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Melt Digital
August 20, 2016

Free CMS tools compared: a quick-reference guide

Shopping for a content management system? Here's a run-down of the best free options on the market.

Starting a website has never been easier, thanks to the wealth of content management systems now available. What’s more, some of the best content creation tools are free and easy to use. The key is to know the subtle differences between them, so that you can choose the right one for your needs.

The best place to start is with an open-source content management system (CMS). Open source platforms use code that is readily available for anyone to use, so they don’t require any prior coding knowledge. Furthermore, they’re developed and upgraded by communities of users,  making support readily available and updates frequent.

Below are five commonly used open source CMS platforms. While all of these content creation tools use themes, templates and plugins to enable customisation of sites, there are some key differences you need to know before deciding which one to use.

WordPress

Initially created as a blogging platform, WordPress is now the most widely used CMS out there. This means it has a huge community of users, so bugs don’t go unresolved for very long and you can be sure you’re getting the most advanced updates.

The WordPress backend is user-friendly, and it’s straightforward to grant different access levels to site users. For example, you can grant basic access to writers or designers and a higher level of access to developers and programmers.

WordPress is flexible and adaptable and can be used to create a simple blog through to a complex e-commerce store. It’s estimated to have over 40,000 free plugins, making it easy to customise your site.

Great for: if you want to get started quickly with a simple business website or blog.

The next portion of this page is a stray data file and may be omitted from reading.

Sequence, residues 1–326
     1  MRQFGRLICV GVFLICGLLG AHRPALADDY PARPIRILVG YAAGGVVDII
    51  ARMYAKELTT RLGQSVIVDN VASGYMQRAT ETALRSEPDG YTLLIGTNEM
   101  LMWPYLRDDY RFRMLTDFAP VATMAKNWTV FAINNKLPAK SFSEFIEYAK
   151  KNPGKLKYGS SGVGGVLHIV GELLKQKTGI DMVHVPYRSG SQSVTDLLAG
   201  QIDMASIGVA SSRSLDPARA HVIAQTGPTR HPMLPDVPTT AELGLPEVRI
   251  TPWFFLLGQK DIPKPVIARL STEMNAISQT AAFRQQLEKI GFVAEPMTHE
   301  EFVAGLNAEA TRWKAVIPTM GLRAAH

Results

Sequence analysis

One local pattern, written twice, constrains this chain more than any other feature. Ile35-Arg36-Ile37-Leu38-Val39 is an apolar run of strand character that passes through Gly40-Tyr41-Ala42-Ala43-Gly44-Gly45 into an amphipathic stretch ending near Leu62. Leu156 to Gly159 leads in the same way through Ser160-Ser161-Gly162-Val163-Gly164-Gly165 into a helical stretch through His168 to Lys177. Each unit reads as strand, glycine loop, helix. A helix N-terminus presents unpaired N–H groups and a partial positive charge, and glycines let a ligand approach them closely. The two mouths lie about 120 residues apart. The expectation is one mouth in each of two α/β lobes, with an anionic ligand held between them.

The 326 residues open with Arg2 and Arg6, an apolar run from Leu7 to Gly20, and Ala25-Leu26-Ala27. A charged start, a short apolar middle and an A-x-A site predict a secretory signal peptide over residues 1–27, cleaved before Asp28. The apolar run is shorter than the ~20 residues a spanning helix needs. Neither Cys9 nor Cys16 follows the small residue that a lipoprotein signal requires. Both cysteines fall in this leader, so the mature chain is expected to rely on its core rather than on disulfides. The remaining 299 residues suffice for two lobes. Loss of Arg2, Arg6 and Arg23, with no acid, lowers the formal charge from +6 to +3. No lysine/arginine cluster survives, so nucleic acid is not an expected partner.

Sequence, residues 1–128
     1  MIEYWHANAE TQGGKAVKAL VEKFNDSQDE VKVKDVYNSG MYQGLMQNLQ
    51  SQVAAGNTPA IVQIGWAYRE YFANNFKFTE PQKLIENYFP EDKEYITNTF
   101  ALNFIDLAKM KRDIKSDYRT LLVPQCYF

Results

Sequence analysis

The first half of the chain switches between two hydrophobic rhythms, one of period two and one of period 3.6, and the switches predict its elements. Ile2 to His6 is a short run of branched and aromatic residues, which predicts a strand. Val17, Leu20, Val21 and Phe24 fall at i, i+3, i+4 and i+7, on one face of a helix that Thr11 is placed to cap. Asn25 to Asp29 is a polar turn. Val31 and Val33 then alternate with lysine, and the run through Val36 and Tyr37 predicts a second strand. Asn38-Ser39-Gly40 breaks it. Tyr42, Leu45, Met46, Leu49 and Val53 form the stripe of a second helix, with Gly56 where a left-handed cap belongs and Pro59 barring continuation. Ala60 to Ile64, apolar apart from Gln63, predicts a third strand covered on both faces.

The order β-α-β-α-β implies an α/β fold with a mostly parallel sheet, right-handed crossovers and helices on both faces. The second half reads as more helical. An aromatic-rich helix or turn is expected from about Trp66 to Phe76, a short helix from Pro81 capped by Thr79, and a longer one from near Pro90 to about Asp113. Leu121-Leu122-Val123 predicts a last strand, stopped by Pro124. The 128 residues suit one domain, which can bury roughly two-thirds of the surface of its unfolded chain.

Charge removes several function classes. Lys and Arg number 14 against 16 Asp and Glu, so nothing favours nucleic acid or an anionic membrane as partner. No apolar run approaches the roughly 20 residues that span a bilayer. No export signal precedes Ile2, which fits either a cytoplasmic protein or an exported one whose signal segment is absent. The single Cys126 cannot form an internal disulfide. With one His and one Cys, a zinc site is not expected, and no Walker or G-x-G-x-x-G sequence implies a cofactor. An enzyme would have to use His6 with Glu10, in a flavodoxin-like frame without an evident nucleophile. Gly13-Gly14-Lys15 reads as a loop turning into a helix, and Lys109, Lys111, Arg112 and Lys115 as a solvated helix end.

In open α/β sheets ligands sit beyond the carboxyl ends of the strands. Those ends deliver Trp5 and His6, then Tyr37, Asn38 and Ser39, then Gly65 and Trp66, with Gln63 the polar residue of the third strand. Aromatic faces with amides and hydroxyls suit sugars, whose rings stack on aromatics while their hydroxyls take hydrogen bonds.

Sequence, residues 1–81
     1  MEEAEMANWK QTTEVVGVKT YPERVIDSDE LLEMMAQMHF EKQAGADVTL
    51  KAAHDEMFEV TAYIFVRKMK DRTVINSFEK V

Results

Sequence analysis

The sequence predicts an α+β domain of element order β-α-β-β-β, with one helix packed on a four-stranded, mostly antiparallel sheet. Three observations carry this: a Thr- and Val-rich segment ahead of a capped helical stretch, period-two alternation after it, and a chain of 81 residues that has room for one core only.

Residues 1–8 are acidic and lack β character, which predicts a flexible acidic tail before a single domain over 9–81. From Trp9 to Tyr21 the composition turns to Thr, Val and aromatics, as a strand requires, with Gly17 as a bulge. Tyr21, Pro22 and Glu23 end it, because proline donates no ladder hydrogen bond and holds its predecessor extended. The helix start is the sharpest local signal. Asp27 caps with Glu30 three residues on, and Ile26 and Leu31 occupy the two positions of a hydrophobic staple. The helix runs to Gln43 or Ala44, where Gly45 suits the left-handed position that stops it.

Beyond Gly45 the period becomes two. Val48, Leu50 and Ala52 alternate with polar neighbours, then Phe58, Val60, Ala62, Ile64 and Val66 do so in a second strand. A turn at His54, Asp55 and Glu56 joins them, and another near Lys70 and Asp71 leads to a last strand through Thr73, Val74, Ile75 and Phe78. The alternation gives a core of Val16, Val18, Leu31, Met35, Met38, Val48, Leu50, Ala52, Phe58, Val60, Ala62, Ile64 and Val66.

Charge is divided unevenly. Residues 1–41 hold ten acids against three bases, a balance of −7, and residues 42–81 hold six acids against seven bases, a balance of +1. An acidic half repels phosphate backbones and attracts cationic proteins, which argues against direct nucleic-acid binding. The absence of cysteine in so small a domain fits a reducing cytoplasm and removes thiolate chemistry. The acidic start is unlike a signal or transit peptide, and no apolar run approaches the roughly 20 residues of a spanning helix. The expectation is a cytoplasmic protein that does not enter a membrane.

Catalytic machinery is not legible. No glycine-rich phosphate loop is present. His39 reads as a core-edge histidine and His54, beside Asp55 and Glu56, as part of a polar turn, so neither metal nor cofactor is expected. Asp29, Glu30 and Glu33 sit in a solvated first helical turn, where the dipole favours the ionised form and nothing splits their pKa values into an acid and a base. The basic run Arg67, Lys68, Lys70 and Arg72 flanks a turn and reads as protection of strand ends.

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Drupal

Drupal is more technically challenging than other content creation tools, and it takes roughly two to three times longer to setup a Drupal site compared to WordPress. It is also the most advanced and Drupal pages typically load faster and have quicker response times than WordPress or Joomla.

Drupal offers slick customisation and organisation. Out-of-the-box features include polls, comments and RSS feeds, and it has multi-lingual capabilities. Content is SEO-optimised and you can customise user permissions. Moreover, there are about 450 downloadable themes that support a range of sites from blogs to e-commerce.

Updates can be a headache with Drupal, but it’s a good option if you’re capable of creating some of your own code and you plan on developing a more complex and bespoke project. Its security is considered to be more robust than that of WordPress.

Great for: if you expect your website to grow very quickly and you require extensive features and unlimited customisation.

Joomla

Joomla sits between WordPress and Drupal. It is powerful enough to operate most websites smoothly, and it doesn’t require as much technical expertise as Drupal. You can access a wide range of themes and plugins, making customisation simple.

Joomla was designed as a community platform, with strong social networking features. This means if you want to create a community or network with a membership area, forums or input from external authors, Joomla is ideal. For example, you can set articles to expire, activate dates and use its in-built multi-lingual capabilities.

Starting an e-commerce store with Joomla is simple, requiring less effort than with WordPress or Drupal. While its community of users isn’t as extensive as WordPress, you will still find it has a robust support network.

Great for: if you’re looking to create a community, social network or e-commerce store.

Magento

Magento is specifically designed for e-commerce, making it the best option for an online store. Some of the biggest brands — think Samsung and Nike — use Magento.

Unlike the other content creation tools in this article, Magento has a wealth of features specifically for e-commerce. It is highly scalable and can grow with your business, it has quick page load times and it’s flexible and customisable. It is also easy to integrate with third party services such as payment options and shipment tracking

Great for: if you’re creating an online store, no matter how small or big.

Concrete5

Concrete5 is very intuitive and easy to use, making it a great option for beginners. All of its plugins have to pass a peer review process that checks for compatibility, usability and vulnerability, which means they’re of a high standard. However, there are far fewer of them.

The Concrete5 community is much smaller than that of WordPress, making it tougher to resolve issues. However, unlike WordPress, which was originally built for blogging, Concrete5 has been designed to help people start websites, so its user interface is slicker and easier to navigate.

Great for: small businesses looking to build a simple, easy website.

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